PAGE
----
Have you ever failed at something you tried? Although most of us hate when we don’t live up to the standards we set for ourselves, sometimes failure can point us to areas we could have performed better. Also, admitting failure gives us a chance to truly capture it as an opportunity for growth.
Several years ago I tried to start a weekly dance class followed by a social hour – and it didn’t go too well. Ok. It was terrible. BUT I learned some things:
- The owner of the establishment pushed me to start the classes before I was ready. I should have specified a date and stuck to my guns. Or better yet, I should have waited to present the plan until I was absolutely ready to go for it.
- We did a HORRIBLE job of marketing the classes. At the time my network wasn’t very big, and I wasn’t utilizing social media. We assumed people would see the posters and just show up. Which leads me to my next fatal flaw:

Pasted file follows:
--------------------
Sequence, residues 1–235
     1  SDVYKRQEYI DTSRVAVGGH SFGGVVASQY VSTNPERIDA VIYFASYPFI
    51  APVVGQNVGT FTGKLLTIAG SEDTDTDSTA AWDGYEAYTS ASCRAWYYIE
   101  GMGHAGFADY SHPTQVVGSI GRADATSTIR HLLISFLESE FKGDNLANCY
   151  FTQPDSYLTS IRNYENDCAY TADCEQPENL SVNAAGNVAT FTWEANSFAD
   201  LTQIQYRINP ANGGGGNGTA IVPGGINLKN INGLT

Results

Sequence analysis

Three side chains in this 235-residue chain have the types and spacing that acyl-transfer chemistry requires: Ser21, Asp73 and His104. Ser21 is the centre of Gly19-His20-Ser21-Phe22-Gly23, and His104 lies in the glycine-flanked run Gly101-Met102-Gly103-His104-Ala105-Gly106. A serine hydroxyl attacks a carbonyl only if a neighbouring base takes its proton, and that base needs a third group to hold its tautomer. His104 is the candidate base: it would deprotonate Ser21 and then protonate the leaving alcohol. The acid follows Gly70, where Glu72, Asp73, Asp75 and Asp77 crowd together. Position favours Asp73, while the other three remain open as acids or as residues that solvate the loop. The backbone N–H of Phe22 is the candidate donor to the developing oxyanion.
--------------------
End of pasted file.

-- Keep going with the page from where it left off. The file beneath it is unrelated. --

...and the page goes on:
- I had an explanation problem. My partner didn’t really understand what we were doing with the classes. Were the classes for older people? Were they classes for those with no experience? Were they for people looking for an alternative way to exercise? I didn’t give her any concrete ideas because we thought we could be something for everybody. WRONG. The classes were promoted to the wrong groups, and my partner was turning away people that should have been there.
- And finally – the hardest one of all: I was working with someone that did not respect my work. And I allowed them to steamroll me, which further reinforced their perception of me. You know whose fault that is? MINE. I didn’t sell my value and my expertise. It put me in a position of weakness, and once you are in that spot, it is almost impossible to change.
My takeaway? I could have avoided most of this by having a clear definition of my offering, my goals, and my value at jump. Now when I have an idea, I spend a little extra time working through what it is (and conversely what it is not), how it will be marketed and if I’m prepared to launch – before meeting with a client or partner. Instead of wallowing in the memory of failure it sparks me to bring my A game every single time.
Do you have a failure story that sets you up for success? I’d love to hear it!